The Rise of Drohlo
Series: Book one in a Trilogy
Author: Taylor Saville
Published: June 10, 2020
Reviewed By: Kim
Kim’s Rating: 3 stars
Aurlinia Verana can no longer remember the sensation of sunlight, the sway of the golden aspens, or the crash of ocean waves on the shoreline of her ancient, fallen homeland of Lineastear. From early childhood, she spends her life underground, deep within the labyrinth of caves that become both her curse and her cage. Though when a violent invasion threatens the lives of everyone on the continent of Runahn, her world changes forever. She abandons the safety of the underworld city of Vaulok to find her courage, her purpose, and herself. In a miraculous stroke of fate, she becomes aware of her unprecedented power as the only living healer of the mysterious, sentient creatures known as the tiloque. This power earns her the respect and adulation of the only tiloque strong enough to rekindle the dying hope… and unite an entire world.
I really loved Taylor’s first book, Jagged Mind, so much. I wish I could say the same for this book. While her imagination is crazy good, this book read like a soap opera, trying to be Shakespeare, but actually like a high school creative writing essay that got a C+. Unfortunately, because all of the fantasy came straight from her brain with no existing precedent, I got confused and overwhelmed very quickly. This book would have automatically been better if there had been a character list, with a pronunciation guide, and a map.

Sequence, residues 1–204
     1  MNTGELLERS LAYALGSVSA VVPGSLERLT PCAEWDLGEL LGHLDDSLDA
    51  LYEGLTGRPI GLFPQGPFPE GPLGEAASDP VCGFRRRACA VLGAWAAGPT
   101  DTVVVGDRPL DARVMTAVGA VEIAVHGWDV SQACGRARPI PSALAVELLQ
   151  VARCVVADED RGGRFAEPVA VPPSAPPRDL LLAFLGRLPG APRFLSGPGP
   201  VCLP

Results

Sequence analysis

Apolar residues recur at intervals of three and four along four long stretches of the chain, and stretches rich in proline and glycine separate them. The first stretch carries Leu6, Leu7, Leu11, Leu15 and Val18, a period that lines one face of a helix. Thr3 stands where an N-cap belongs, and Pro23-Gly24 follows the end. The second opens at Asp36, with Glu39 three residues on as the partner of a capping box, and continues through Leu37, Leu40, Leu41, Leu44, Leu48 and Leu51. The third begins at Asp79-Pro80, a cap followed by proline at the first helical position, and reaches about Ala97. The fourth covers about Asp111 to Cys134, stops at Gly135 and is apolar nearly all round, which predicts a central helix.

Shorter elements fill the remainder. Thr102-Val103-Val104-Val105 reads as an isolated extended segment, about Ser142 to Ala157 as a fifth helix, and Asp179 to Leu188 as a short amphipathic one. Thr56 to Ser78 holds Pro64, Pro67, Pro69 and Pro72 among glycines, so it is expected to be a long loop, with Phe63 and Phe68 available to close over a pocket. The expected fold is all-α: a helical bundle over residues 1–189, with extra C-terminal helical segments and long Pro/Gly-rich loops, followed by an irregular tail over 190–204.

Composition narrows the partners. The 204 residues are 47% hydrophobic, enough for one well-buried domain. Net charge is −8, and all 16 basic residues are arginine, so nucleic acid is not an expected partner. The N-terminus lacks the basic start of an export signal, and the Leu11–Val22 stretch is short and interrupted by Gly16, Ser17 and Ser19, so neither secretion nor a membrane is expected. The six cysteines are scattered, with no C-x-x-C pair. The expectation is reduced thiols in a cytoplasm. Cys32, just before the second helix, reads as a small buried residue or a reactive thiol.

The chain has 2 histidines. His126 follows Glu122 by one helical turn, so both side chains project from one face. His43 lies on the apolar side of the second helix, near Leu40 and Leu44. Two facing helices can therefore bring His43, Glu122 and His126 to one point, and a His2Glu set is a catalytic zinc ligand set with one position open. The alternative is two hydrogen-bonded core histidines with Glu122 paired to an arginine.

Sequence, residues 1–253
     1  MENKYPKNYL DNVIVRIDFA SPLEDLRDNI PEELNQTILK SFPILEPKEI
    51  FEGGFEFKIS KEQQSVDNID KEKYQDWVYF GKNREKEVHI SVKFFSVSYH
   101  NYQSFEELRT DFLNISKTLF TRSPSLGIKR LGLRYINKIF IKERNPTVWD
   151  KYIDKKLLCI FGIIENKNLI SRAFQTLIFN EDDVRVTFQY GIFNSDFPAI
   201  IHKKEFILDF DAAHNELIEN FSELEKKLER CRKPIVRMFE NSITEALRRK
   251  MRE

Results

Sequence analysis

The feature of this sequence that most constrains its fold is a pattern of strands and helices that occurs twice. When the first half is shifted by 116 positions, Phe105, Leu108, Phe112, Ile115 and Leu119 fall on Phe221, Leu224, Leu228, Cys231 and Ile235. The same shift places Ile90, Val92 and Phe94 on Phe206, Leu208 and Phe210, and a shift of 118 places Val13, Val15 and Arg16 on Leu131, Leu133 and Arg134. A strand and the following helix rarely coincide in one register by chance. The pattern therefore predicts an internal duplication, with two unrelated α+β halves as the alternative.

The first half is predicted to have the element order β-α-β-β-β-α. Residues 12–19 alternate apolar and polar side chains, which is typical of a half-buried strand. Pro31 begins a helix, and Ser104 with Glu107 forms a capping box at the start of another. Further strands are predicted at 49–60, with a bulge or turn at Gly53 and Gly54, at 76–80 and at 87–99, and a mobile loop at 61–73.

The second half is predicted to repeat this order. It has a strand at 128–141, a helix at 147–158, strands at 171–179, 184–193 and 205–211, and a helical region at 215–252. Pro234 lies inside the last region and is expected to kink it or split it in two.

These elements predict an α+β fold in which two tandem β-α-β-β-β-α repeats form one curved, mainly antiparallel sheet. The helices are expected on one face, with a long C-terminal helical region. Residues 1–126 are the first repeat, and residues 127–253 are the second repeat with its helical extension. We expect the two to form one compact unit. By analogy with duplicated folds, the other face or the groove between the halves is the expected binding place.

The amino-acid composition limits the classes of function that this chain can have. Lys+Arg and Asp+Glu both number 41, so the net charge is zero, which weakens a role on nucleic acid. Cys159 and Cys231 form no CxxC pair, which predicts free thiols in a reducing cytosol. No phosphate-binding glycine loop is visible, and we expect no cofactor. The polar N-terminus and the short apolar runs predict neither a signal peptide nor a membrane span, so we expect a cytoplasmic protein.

The plot, which has a lot of potential, was burdened down with a whole lot of useless middle school romance between children that obviously need to grow up. I hate to say it because I love romance in stories, but the one genuine relationship was ruined by immature pandering. Everything was so “instinctual” and that was nice and comforting for the first half of the quest, but then got annoying and overbearing real quick. I definitely want to know more about Drohlo and his kind. He was the one truly unique element, but he didn’t even show up until the last quarter.
She also had the same writing issue that she did with Jagged Mind. She jumped between characters’ perspectives and thoughts so quickly that it got confusing. I never knew who was talking. In Jagged Mind, I liked it because I wanted to see what was in each person’s head. It didn’t work in The Rise of Drohlo. At this point, I can’t decide if I want to continue reading the next book when it comes out. I want to give her the benefit of the doubt, but Jagged Mind set such a high standard and The Rise of Drohlo is not even close to meeting that standard.